U.S. high-speed rail's ship finally comes in
Sunday, April 25, 2010
Like the gleam on the tracks from an oncoming locomotive, high-speed rail transportation in the United States may be finally coming into sight. Before the end of the decade, rail backers promise, Americans will be traveling on bullet trains, the way Europeans and Asians have been doing for half a century. At speeds of up to 220 mph, high-speed rail will make it possible to travel from Los Angeles to San Francisco in less than three hours, or half the time it takes to drive. Tampa to Orlando will take less than an hour, or 35 percent faster than by car. You'll be able to get from Chicago to St. Louis in less time than it takes to fly -- after you factor in the hours spent getting to and from distant airports and the hassle of getting through security 90 minutes before your flight.
The myriad benefits of high-speed rail have long been apparent to anyone who has ridden Japan's Shinkansen trains or France's TGV. These so-called bullet trains are faster than driving, more comfortable and convenient for short distances than flying and, because they run on electricity, don't rely on foreign oil imports. Trains arrive in downtown city centers and are usually linked to public transit.
"High-speed trains consume less fuel, produce less carbon dioxide, and promote urban redevelopment, which has broader environmental benefits," said Kevin Brubaker, deputy director of the Environmental Law & Policy Center in Chicago, which has worked to build civic support throughout the Midwest for investment in rail transportation. "We see high-speed rail as a way to improve mobility while improving the environment."
Perhaps the chief obstacle standing in high-speed rail's way has been a lack of support from the White House. That changed when President Obama took office in 2009 and promised to make high-speed rail a legacy of his administration, much as the Interstate Highway System was for Dwight D. Eisenhower's. And the $787 billion American Recovery and Reinvestment Act (a.k.a. the stimulus) provided the perfect opportunity for the administration's plan to garner bipartisan support.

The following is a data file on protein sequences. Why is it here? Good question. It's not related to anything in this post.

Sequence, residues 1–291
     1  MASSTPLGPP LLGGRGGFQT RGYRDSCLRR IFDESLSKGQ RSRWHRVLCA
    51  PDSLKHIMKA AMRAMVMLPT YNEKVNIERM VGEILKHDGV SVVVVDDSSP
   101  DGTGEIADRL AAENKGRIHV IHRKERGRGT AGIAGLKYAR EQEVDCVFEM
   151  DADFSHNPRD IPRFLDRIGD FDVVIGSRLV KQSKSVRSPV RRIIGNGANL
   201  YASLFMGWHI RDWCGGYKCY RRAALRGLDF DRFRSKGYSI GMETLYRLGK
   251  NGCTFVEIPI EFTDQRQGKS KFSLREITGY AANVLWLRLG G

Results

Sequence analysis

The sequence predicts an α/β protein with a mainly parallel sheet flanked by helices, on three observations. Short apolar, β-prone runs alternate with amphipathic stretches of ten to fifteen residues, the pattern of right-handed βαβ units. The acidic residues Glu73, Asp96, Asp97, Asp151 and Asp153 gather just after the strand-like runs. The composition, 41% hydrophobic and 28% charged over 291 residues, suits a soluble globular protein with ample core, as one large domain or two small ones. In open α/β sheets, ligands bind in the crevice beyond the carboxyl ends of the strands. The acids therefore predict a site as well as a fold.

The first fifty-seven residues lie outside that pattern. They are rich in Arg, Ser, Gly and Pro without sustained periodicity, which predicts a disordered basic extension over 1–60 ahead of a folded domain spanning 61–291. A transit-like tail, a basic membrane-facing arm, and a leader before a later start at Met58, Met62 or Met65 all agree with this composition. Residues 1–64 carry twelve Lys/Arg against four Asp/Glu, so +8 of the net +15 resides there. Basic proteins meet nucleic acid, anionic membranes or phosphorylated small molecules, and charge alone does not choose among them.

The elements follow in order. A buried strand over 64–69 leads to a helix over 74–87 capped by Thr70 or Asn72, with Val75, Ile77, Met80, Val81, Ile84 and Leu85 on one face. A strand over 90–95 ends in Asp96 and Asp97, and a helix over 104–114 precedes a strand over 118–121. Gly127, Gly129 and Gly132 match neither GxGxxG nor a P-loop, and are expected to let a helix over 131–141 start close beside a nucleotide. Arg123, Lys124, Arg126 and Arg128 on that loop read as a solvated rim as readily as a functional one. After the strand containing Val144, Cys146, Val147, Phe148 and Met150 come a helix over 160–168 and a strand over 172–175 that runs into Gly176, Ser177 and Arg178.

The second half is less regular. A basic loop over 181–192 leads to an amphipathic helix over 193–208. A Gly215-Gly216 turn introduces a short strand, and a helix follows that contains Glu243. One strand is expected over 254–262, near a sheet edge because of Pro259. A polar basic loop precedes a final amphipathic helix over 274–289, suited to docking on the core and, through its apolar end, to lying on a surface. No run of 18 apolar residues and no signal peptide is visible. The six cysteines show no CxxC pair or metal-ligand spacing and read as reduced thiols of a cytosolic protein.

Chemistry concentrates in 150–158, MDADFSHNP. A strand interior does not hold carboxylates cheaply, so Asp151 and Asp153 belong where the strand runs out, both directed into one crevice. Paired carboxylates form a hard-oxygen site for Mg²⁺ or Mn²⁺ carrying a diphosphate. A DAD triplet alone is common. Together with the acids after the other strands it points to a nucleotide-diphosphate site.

Rail infrastructure improvements are exactly the kind of "shovel-ready" projects the stimulus was designed to underwrite in hundreds of congressional districts across the country, creating or saving tens of thousands of high-paying skilled jobs in construction, manufacturing and engineering that can't be exported overseas. The administration says that more than 30 rail manufacturers have agreed to establish or expand operations in the United States if they are hired to build the next generation of railroads.
"There are tons of projects the railroads have had in their filing cabinets for years, but they just haven't had the money to implement," said James P. RePass, president and chief executive of the National Corridors Initiative, a nonprofit that advocates for increased rail infrastructure.
The administration requested $8 billion in stimulus funds for rail projects, and in January it announced its first awards. The biggest grants went to Florida ($1.25 billion), which plans to use 168 mph trains to link Orlando to Tampa by 2014 and to Miami by 2017, and to California ($2.34 billion), which has the nation's most ambitious and most developed plan to link its major cities by bullet train.
While those awards capture the imagination with their promise of shiny new bullet trains rocketing across the two states, most of the money will be spent more mundanely, on projects to speed up conventional rail. Trains traveling at 200 mph are still a long way down the track in such places as Detroit, Seattle and Charlotte. But funding for incremental improvements to tracks, signals and rolling stock will raise average speeds on existing conventional rail lines. "If you can upgrade the places where trains can only travel 10 mph, you can knock an hour off the trip between Chicago and St. Louis," said RePass.